MAY'll. COUNTY OF JUNEAU.
(Oireuit Court, W. D. Wiaeonrin. February 11, 1887.)
PATENTS FOR INVENTIONS-LIABILITY OF COUNTY FOR INFRINGEMENT-FRAlID QF CONTRACTOR FOR COUNTY JAIL.
SAM!B-AssIGNMENT-DAMAGES FOR PRIOR INFRINGEMENTS.
G.Jr. Hazleton, (M. a Burch, of counsel,) for plaintiff. F.B.' 'Vet!der, (Pinney &; Sanborn, of counsel,) for defendant.
jury.) , This is an ,action of trespass on the case under the laws of congress for the infringement of a patent-right. The evidence being in on both sides, the defendant's counsel now asks the courttoinstructthe jury to return a verdict for the defendant, upon the following grounds, to-wit: First, that the action being in tort for the infringementofa patent-right, the county is not liablejsecand, the assignment of the patent frotn the executor to the plaintiff did not carry with it the right to maintuin actions for infringement of the patent occurring previous to the assignment of the patent, and during the life-time of her pusband, the patentee. I When this case was before the court upon demurrer to the complaint, 'the first question above stated was argued and submitted, and the court looked intI? the authorities, and considered the question of the liability of a county in such a case. The demurrer was overruled pro forma, and 'the question reserved for further consideraion upon the trial, when it was supposed the facts would more precisely appear. The evidence is noW in, and there is no question made about the facts. From these it appearfil that the plaintiff's patent consists in a certain device for locking and unlocking' at once all the cells of a jail by the sheriff or turnkey from the outside, standing in a position where he can view the interior of the jail, atla observe the situation and attitude of the prisoners, and so shield himbelf from assault by any desperate or ill-disposed prisoner. The patlA city ,is Usb,le in its corporate capacity for the infringement ofa patent, :M;unson v. City of New York, 3 Fed. Rep, 339, although the infringement was by the fire department of the ,city, and sucb department was separately incorporated, BrickiH v. City of NewYork,7 Fed. Rep. 479. . .' .. .' See. also, May v. Mercer Co., port, 246 j May v. Logan Co., post, 250 j . May v. Buchanan Co., 29 Fed.: Rep. 469; :May v. County of Fond du Lac, 27 Fed. Fp,p" 691.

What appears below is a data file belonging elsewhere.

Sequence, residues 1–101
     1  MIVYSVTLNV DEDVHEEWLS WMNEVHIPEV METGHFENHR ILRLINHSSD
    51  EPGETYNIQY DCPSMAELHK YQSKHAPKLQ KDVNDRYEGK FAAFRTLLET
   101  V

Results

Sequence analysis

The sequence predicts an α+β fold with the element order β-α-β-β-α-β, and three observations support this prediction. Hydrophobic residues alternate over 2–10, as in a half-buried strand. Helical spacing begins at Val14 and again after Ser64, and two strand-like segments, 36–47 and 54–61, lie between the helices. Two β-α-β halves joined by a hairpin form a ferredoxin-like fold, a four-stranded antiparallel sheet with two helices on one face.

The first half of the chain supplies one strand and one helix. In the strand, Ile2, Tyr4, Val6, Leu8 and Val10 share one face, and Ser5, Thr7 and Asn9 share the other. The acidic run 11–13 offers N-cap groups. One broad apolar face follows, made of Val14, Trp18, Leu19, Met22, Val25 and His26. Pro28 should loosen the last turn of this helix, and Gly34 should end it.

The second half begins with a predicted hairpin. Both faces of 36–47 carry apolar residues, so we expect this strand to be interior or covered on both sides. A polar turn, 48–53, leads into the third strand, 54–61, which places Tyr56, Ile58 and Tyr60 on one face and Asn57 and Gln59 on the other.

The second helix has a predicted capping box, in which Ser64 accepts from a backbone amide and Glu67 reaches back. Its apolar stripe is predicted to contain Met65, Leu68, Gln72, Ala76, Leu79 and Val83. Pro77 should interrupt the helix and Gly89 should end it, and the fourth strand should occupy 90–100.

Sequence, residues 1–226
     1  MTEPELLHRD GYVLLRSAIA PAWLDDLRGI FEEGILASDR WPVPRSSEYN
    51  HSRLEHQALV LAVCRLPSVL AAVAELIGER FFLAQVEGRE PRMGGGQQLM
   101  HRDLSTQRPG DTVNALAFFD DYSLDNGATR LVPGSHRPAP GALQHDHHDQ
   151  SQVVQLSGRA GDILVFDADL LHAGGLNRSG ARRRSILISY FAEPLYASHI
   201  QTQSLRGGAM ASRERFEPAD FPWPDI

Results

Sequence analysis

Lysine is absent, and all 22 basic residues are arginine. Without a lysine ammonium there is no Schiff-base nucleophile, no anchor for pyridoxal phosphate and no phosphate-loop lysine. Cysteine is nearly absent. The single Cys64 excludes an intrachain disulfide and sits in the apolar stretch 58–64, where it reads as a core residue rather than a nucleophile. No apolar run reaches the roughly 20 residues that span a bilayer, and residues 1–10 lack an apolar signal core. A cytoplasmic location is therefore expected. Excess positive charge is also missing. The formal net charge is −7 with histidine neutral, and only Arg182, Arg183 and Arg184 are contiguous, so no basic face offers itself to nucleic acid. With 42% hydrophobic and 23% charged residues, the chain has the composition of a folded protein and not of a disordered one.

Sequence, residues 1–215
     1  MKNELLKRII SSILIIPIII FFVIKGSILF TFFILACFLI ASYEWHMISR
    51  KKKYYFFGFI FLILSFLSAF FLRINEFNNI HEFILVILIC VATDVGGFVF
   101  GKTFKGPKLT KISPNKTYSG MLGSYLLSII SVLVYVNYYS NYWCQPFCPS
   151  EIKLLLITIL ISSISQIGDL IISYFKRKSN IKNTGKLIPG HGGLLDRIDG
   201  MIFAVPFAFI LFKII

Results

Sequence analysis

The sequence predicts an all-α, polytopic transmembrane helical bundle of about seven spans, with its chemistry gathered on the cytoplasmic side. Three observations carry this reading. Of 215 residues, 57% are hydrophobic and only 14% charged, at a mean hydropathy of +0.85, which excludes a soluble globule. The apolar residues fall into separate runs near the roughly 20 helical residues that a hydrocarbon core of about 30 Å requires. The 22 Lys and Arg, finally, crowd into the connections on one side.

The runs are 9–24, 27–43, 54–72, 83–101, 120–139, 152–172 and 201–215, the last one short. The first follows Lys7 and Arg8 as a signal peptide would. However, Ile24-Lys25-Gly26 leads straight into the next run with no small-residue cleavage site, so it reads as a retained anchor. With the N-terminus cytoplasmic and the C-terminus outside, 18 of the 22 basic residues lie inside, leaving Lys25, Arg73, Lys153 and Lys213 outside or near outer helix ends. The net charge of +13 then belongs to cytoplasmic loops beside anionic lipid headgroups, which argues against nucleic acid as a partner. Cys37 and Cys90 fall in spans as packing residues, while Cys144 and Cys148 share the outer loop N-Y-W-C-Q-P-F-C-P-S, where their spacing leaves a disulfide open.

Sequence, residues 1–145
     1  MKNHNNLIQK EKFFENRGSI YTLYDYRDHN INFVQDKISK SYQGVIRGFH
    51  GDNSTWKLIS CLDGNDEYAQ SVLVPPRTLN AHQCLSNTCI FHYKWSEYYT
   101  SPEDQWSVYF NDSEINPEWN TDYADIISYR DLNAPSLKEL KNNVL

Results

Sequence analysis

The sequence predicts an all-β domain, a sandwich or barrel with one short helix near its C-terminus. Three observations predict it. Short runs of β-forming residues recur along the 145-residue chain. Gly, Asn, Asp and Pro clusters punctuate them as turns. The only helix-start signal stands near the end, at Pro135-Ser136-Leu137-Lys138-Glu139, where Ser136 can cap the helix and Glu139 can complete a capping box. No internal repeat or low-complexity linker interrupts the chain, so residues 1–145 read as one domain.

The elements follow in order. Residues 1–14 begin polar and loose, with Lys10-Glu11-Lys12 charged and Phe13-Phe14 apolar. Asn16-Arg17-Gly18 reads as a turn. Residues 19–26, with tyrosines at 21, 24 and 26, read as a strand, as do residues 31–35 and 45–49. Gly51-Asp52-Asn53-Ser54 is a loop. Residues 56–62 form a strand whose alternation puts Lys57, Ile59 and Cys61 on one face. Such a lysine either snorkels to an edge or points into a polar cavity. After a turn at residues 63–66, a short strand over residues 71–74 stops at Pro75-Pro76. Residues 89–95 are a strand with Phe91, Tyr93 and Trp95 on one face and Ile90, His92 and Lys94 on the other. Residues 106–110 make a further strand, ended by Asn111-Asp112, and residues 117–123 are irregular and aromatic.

ent was issued to Edwin May, October 4, 1859, and was to run 14 years, or until October 4, 1873. There' was an extension for seven years, which continued the life of the patent until October 4, 1880, when it expired.. The Juneau county jail was built by a contractor, under a contract made with a committee acting for the county, in the summer of 1878. The contract provided for one of these locks, and the contractor, through a sub-contractor of the iron work of the jail, pursuant to his contract with the committee, put it on in the fall of 1878. The evidbnce, which is uncontradicted, shows that the county took possession of the jailll.bout the first of January, 1879, but that this lock device was not used during that or the succeeding 'year, until .after October 4, 1880, when the patent expired, and that neither the building committee, sheriff, nor architect knew anything of the patent, or that the con·tractor or subcontrllctor had put in the device without authority from the patentee. Under these circumstances, it is .difficult to see upon what principle the people of the county, who must be taxed to pay any judgment the infringement. plaintiff may recover, can be held liable in tort for The contractor; no doubt, might be made liable if he put in the device without authority from the patentee. And my first impression was that ·the county, if it adopted the device and used it, could not be heard to say that it hadnot' authorized it, and in doing so had, iqlringed the phtintiff's patent. .But the more I have thought of the. question, and looked into the adjudged cases,the more have I been led to the conclusion that ·there is no. principle of law, in the absence of any statutory provision, by virtue of which the county can be held in this form of action. '" The same · question was demurrer before the United Sta.tes c.ircliit court for the,Southern district ·of Ohio in the ,case of Jacobs v; B,oard · Vom'rs Hamufuil, 00., 1 Bond, 500, and it was there held that theboar'd of county commissioners could not be made liable in their official capacity; following (Jornmissioners Hamilton Co. v. Mighels, 7 Ohio St. 109, a case, where all the authorities are reviewed. leading and The question has also beell decided in the saine way by the supreme Court of Iowa, and by vari9us other courts. It' difficult' to the reasoning of these cases. At least, I have foutid it so. There' are also some fll-cts in this case, very favorable to the county, nowltppearing on the trial,which did not appear in theadjudgedeases referred to, and by the demurrer in this case.. ., which were not The way it now appears, from th,e undisputed evidence, is that the tax-payers of the county, :who are the reEt! parties in, interest defendant, of the have had not);1ing whatever to do witll the alleged .'J;'hey have not infringed it themselves, nor authorized plaintiff's anyone else to so'infringe it; and, if this is so, it is difficult to discover upon what prinr;iple they can be made to suffer as for a trespass. They ·have paid for what they p:ot, and got what they paiO for, without any knowledge or intimation that anybody's rights had been infringed by the contractor until this suit was brought; and, though they paid the contractor for itt they had no use of the plaintiff's device until after the